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Tip #64: Olfactory Engagement: Smell

Tip #64: Olfactory Engagement: Smell

On April 10, 2005, Posted by , In learning activities, By ,,,,,,, , With Comments Off on Tip #64: Olfactory Engagement: Smell

The aroma of coffee. The scent of perfume or cologne. Stale stuffy air in a room without proper ventilation. The caustic chemical stink of cleaning solvents.
The whiff of cigarette smoke. The flavorful fragrance of cooking. The sharp stench of garbage.

Although an extreme odor will quickly get our attention, we are usually not very conscious of the impact that the sense of smell has on learning and retention.

My web research into this topic reaped a wide range of interesting information:

In an article in a recent U.S. News & World Report (February 28, 2005 ), Dolores Malaspina, M.D., M.S.P.H., of the New York State Psychiatric Institute, explains that the olfactory sense is the only one of our five senses that bypasses the thalamus and goes directly to the prefrontal cortex ø the center of cognitive thought ø and is therefore received by it with unfiltered intensity.

She says, “Beginning with fetal development [our brains] are laid out to give precedence to olfactory perception. What we are learning is that smell is a good window into the unconscious basis for sociability and social interest. There is a tremendous explosion of interest in this forgotten sense ø and it was under our noses all the time.”

Using modern brain-scanning methods, Morten Kringelbach has found out much about where the brain processes the different types of sensory input.

“It is highly interesting that the sense of smell is connected directly to the parts of the brain where emotions are processed. Nearly every other kind of sensory input passes through the thalamus, which is a kind of relay station in the mind, before the signal passes on to other parts of the brain where the actual interpretation takes place. This does not happen with olfactory input Ñ that goes straight to the emotional response centre,” he explains.

This direct access to the orbito-frontal cortex is one likely explanation of why smells can give rise to sudden and overwhelming emotions Ñ and of why we only become aware of smells after our emotional state has been changed by those emotions. No wonder potential home buyers are more likely to put an offer on a house that has cookies or an apple pie baking in the oven!

Smells can transport us through time and distance. Vladimir Nabokov wrote: “Nothing revives the past so completely as a smell.” A whiff of a familiar perfume can bring back a flood of memories so vivid it brings tears of joy because of the direct physical route which exists between memory and smell.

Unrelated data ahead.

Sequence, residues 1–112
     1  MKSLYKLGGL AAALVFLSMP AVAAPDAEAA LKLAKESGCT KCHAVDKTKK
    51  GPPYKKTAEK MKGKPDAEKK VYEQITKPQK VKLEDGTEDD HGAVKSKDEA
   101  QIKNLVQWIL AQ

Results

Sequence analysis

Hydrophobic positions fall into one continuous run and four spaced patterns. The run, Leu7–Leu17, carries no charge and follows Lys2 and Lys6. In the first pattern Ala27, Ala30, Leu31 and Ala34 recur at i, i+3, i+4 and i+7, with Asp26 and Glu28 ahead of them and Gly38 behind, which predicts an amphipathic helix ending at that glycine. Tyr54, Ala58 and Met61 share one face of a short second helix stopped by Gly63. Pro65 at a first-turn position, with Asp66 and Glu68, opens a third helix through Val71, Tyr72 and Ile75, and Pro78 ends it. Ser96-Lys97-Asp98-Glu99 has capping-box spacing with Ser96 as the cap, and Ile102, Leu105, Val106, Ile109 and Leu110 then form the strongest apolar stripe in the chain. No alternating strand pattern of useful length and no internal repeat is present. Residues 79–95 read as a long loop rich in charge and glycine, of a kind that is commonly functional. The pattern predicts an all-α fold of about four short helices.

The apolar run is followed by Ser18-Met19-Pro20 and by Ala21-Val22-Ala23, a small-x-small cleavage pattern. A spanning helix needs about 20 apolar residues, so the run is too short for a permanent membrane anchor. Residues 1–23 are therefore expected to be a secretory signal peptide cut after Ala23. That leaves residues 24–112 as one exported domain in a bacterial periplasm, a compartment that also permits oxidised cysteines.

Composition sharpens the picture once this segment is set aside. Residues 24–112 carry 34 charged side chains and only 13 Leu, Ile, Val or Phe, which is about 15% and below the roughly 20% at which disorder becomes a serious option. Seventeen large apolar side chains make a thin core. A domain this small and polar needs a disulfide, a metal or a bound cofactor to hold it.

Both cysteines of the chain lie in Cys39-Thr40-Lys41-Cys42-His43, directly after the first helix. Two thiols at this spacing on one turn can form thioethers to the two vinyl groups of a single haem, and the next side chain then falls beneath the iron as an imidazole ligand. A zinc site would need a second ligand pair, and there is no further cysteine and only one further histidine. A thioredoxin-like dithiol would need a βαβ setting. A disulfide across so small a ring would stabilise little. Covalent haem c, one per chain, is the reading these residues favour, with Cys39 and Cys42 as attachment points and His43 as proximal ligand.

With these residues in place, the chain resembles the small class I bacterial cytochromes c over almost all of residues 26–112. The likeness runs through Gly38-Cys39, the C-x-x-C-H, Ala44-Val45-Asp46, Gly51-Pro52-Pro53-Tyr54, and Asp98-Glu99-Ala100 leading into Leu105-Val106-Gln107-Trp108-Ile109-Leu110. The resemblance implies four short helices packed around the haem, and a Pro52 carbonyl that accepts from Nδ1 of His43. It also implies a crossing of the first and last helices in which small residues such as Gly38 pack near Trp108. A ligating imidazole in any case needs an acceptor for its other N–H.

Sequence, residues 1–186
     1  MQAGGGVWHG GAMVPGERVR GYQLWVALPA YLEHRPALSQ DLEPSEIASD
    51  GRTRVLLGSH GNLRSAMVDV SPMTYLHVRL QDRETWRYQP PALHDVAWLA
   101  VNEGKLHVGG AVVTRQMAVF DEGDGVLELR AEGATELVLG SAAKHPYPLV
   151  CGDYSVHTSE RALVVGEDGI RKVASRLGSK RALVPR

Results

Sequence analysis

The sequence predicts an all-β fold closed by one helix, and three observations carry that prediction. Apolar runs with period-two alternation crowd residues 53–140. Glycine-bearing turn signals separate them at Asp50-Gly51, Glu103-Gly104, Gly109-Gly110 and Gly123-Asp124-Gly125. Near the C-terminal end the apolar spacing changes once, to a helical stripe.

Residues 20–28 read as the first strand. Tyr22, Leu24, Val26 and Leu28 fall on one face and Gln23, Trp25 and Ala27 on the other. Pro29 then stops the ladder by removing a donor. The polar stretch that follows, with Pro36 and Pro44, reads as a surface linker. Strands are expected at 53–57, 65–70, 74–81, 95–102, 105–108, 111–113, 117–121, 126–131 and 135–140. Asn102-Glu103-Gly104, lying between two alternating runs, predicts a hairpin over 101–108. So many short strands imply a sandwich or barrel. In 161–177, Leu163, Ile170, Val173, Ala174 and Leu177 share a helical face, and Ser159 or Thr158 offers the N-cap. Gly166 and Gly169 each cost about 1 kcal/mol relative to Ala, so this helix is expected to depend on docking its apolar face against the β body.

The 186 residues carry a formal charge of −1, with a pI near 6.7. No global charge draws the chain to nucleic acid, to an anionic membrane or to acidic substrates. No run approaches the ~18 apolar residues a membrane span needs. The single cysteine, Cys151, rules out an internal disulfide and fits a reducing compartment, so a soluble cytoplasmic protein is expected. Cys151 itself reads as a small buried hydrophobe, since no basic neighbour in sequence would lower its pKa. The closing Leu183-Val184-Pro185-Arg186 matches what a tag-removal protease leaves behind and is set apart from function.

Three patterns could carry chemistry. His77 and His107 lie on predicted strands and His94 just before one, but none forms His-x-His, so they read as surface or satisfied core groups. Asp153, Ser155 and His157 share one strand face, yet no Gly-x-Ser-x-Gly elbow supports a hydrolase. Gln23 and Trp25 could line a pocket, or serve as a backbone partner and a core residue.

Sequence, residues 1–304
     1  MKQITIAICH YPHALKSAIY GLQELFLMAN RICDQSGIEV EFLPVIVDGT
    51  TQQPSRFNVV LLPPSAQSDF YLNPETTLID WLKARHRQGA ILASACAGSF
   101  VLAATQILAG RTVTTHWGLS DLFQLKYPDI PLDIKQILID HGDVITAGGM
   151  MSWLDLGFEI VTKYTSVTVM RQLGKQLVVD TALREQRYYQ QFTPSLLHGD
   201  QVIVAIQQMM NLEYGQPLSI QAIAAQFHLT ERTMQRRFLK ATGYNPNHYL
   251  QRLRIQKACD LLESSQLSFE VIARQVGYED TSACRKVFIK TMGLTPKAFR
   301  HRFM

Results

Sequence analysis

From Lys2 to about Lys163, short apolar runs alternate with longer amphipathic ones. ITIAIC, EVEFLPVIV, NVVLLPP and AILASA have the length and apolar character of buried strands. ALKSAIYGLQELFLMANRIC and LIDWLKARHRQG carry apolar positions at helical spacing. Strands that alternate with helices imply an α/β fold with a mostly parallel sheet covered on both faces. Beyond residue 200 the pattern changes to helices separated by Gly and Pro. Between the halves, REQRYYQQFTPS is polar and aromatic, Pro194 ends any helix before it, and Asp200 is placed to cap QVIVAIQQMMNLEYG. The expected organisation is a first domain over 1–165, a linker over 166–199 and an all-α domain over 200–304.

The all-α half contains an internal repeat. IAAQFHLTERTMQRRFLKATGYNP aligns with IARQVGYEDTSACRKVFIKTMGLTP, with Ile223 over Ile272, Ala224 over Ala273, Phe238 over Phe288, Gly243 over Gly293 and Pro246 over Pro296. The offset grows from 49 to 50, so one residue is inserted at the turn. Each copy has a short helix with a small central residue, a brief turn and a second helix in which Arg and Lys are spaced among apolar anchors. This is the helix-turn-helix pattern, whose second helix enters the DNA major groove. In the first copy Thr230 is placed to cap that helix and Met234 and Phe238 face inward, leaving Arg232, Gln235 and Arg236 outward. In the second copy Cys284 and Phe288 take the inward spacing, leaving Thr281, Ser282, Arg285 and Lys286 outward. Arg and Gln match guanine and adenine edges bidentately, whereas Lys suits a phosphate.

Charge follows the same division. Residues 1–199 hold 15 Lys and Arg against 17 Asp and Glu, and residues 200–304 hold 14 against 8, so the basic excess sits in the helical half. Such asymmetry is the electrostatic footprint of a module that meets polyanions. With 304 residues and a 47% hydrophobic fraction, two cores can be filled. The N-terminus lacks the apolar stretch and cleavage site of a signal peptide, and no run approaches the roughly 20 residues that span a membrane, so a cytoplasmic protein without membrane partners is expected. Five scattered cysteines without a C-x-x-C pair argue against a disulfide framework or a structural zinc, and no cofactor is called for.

Marcel Proust has lent his name to the phenomenon of memory recall in response to a specific smell (after his description of such an event in “Swan’s Way”) – the “Proust Effect.” Whole memories, complete with all associated emotions, can be prompted by smell. This is entirely unconscious and cannot necessarily be prompted voluntarily.

However, countless studies have shown that recall can be enhanced if learning is done in the presence of an odor and if that same odor is presented at the time of recall.

All we need to do to improve retention, then, might be to hand out fragrant scented markers to our participants and ask them to sniff them frequently throughout the course of the training. They should be instructed to take the markers with them when they leave, so they can uncap and sniff the markers whenever they need to remember what they learned ! Let me get back to you on something less cumbersome when it occurs to me.

Proponents of aromatherapy believe that the mere introduction of a scent can have a positive effect on the body, the emotions, or the intellect. Two interesting claims:

  • Calculus students were proven to increase their speed of learning by 230% with aromatherapy!
  • When lavender was infused into the air in an office, keyboard-punching errors fell by 20%, 33% with jasmine and 54% with lemon.

Rensselaer Polytechnic Institute in New York has found that people in pleasantly scented rooms carry out their work with more confidence, more efficiency and greater willingness to resolve work place conflict.

The Japanese have been using essential oils in the work place for years. At one Japanese bank, lavender and rosemary are used in the customer area to relax and sedate, while the worker areas are infused with lemon and eucalyptus to keep workers alert.

I had heard that lemon was used to refresh and revitalize, so I purchased an aromatherapy lemon spray. A spritz in the afternoon or evening really does keep me more alert and effective when I’m training!

Peppermint is dispersed into offices and conference rooms to increase work efficiency, dispel drowsiness and lessen mental fatigue. The Tokyo stock exchange has peppermint diffused into the atmosphere every afternoon to make brokers feel invigorated and refreshed.

Imagine the gains in learning retention if we knew how to effectively incorporate the sense of smell into our learning environments!

This ends our exploration of ways to engage the senses. Next week, we will begin a discussion of strategies to engage or manage “difficult” participants. If you have any particular challenges you would like to have addressed, please let me know.

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